The Building Schools for the Future programme has over £2bn earmarked for long-term investment in secondary schools. Guidance for their construction is contained in the government publication the Standard Specifications, Layouts and Dimensions (SSLD) for school buildings.

It is hoped these notes will standardise schools, which will mean faster design and construction, reduced lifecycle costs and more opportunities for off-site manufacture.

Section one of the SSLD guidance includes performance requirements for different types of partitions and surface finishes.

Performance requirements

Partitions in secondary schools should meet the highest category of BS 5234-2, the British Standard for partitions. These are “severe duty” partitions for areas “intensively used by the public with little care, prone to vandalism and abnormally rough use”.

There are several areas to think about when specifying partitions in schools, including resilience, acoustics, moisture, insulation, fire resistance and sustainability.

  • BS 5234-2 provides test methods and criteria for stiffness; the impact of small hard bodies, large soft bodies, door-slamming and crowd pressure; fixing methods Partitions are expected to have a service life of about 60 years
  • Partitions are vital to a building’s acoustics, as they provide insulation from airborne, flanking and impact sounds, and control reverberation and absorption.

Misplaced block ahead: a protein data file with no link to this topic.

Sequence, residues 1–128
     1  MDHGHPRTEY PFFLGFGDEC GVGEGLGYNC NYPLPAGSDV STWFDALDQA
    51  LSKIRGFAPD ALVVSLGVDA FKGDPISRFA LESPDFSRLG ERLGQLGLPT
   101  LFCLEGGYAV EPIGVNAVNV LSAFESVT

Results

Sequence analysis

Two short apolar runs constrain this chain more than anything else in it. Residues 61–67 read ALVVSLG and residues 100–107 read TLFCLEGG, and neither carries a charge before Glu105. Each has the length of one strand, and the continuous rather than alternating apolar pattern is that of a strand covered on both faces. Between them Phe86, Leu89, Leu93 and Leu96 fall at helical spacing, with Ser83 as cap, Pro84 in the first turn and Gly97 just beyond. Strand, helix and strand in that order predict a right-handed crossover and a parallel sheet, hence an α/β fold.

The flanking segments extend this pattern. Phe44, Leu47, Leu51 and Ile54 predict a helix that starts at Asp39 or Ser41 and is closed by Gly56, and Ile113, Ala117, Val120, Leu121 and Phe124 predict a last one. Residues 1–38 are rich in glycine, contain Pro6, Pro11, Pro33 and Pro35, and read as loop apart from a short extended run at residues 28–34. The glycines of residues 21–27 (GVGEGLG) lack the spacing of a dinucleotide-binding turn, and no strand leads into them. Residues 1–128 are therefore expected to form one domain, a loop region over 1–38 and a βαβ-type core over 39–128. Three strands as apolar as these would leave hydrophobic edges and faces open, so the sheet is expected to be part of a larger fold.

• Advice on this can be found in Building Bulletin 93 on the specification of acoustic performance
  • There may be hygrothermal variation within a building, so partitions should be able to withstand normal, humid or wet conditions, as required. Extra precautions are required at the base of partitions in wet areas or where wet floor washing is anticipated
  • Where partitions form a boundary to an unheated part of the school, additional insulation may be required to ensure a minimum U-value of 0.35W/m2K
  • Partitions should be designed to resist fire for 120 minutes. The spread of flames across a surface is related to the finish, and the requirements for this varies. For general areas BS EN 13501: class C-s3, d2 (UK Class 1) applies and for escape routes BS EN 13501: class B-s3, d2 (UK Class 0). Information on how glass, ductwork and services are related to the building’s fire safety strategy are included in Building Bulletin 100, on designing for fire safety in schools
  • Ideally, all partitions will achieve an A rating in the BRE’s Green Guide to Specification (an updated edition of this is due later in 2008).

Specification options

SSLD 1 gives three partition wall types: A masonry system based on lightweight, solid concrete blockwork and two metal stud partition systems.

Lightweight blockwork is made of solid concrete blocks with a minimum strength of 7N/mm2. Finishes may be directly applied or lining included for better acoustic insulation.

Metal studs and ancillary components are typically manufactured from low-carbon steel, with a galvanized zinc finish.

Insulation between studs can be mineral wool, modified sheep wool or recycled plastics fibre.

Wall lining options include plasterboard, gypsum fibreboard, glass fibre-reinforced cement panels, calcium silicate board or cement-bonded particle boards.

Surface finishes include paint, epoxy coatings, plastic laminates or ceramic tiling to suit the performance requirements.